Concurrent with the release of the Guidelines, the ECCPG also released a Jurisdiction Statement to address the issue of jurisdiction and online consumer transactions. (For the press release, please go to http://www.ecommercegroup.org/press.htm. The Statement is at http://www.ecommercegroup.org/statement.htm.)
The BBB and OECD
Great ideas are not usually created in a vacuum and such is the case with the issue of online business guidelines. While the ECCPG had been working on their proposal for the past nine months, the BBBOnline (Better Business Bureau Online) and the Organization for Economic Cooperation and Development (OECD) have been developing consumer protection guidelines over the past several years.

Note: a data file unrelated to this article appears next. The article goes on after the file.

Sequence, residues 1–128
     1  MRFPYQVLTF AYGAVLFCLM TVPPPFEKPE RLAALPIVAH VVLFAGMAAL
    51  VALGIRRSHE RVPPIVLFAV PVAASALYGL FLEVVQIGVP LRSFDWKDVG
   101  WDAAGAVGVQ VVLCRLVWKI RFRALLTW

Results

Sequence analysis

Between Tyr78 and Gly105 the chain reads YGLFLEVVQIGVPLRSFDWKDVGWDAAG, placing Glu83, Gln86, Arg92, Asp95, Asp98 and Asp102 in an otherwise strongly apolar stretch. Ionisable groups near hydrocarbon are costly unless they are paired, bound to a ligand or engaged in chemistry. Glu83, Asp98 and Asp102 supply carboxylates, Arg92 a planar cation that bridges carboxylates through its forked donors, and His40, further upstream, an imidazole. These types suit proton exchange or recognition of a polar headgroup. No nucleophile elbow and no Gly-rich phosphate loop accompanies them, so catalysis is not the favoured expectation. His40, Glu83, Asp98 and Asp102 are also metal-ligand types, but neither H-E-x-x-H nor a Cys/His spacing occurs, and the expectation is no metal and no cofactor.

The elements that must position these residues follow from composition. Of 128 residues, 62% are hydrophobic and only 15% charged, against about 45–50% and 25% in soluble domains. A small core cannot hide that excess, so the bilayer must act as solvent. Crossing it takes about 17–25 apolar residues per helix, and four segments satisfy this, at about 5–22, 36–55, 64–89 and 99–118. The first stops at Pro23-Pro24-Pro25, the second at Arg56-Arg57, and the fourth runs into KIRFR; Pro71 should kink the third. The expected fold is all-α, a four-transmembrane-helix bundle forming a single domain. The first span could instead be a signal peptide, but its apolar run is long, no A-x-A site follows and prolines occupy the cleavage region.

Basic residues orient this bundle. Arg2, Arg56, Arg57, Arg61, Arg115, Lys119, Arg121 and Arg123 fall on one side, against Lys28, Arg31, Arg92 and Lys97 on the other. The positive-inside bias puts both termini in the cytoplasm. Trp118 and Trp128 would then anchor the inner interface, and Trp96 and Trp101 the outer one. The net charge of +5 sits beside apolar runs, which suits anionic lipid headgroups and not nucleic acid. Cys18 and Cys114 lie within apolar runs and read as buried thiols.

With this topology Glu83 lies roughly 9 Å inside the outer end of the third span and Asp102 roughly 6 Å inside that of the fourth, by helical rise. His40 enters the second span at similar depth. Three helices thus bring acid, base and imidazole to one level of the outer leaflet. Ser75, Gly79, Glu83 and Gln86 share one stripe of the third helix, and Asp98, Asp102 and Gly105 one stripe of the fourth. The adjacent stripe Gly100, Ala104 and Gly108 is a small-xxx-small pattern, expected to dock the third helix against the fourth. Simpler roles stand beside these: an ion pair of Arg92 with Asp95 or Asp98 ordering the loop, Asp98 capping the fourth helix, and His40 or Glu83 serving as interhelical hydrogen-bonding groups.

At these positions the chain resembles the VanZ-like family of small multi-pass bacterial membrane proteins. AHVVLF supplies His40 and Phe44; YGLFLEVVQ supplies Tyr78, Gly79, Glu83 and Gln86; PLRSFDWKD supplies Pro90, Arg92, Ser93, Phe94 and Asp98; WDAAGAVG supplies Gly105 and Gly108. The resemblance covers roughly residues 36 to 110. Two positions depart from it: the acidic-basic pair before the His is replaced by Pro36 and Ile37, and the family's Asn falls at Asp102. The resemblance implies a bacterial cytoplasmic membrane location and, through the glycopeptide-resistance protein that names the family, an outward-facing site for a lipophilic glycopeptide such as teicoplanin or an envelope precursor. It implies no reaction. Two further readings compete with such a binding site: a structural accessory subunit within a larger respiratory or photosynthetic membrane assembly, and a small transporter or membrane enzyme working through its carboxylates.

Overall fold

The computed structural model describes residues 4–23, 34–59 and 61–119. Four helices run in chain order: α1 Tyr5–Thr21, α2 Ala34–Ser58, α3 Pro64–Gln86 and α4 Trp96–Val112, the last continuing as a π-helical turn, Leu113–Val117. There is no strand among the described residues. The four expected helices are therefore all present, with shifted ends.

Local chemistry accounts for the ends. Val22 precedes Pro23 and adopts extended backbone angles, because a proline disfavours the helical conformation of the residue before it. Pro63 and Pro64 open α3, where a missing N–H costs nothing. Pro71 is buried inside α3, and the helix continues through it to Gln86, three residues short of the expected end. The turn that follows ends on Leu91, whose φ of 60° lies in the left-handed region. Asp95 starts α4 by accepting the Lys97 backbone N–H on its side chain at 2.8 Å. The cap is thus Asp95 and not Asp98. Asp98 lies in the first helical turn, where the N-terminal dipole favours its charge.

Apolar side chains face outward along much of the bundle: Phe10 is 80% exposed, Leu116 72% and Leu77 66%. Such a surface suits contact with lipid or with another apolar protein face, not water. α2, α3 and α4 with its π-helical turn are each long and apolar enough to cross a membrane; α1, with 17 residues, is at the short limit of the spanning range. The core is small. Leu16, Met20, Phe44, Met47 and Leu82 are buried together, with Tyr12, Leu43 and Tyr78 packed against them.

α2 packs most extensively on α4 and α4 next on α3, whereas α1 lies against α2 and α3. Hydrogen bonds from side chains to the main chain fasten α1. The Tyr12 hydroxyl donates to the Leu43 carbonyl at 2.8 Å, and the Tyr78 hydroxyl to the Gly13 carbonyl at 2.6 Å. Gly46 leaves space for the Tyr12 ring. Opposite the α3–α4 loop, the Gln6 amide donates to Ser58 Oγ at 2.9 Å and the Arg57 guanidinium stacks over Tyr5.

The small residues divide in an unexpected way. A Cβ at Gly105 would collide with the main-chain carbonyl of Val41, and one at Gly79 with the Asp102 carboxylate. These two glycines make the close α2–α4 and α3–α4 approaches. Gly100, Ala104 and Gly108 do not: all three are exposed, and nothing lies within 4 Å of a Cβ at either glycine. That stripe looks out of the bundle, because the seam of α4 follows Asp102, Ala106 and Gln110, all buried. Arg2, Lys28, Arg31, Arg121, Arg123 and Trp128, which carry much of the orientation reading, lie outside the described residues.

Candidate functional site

Early in the summer of 1999, the BBBOnline announced its project to develop a Code of Online Business Practices to provide online merchants with “guidelines that will help address important consumer protection issues raised by the digital marketplace.” (The text of the press release is at http://www.bbbonline.org/about/press/6-8-99.html.) In the interest of self-regulation, the members of the BBB felt it behooved them to spearhead an online consumer protection Code to provide a voluntary standard for online transactions. The Code is now in its second and final version and has been approved by the Council of Better Business Bureaus Board of Directors Executive Committee as well as the BBBOnline Board. It is pending approval from the local BBB Boards, the National Members and the National Board of Directors. (The text of the revised and final draft is available at http://www.bbbonline.org/businesses/code/draft/index.htm.)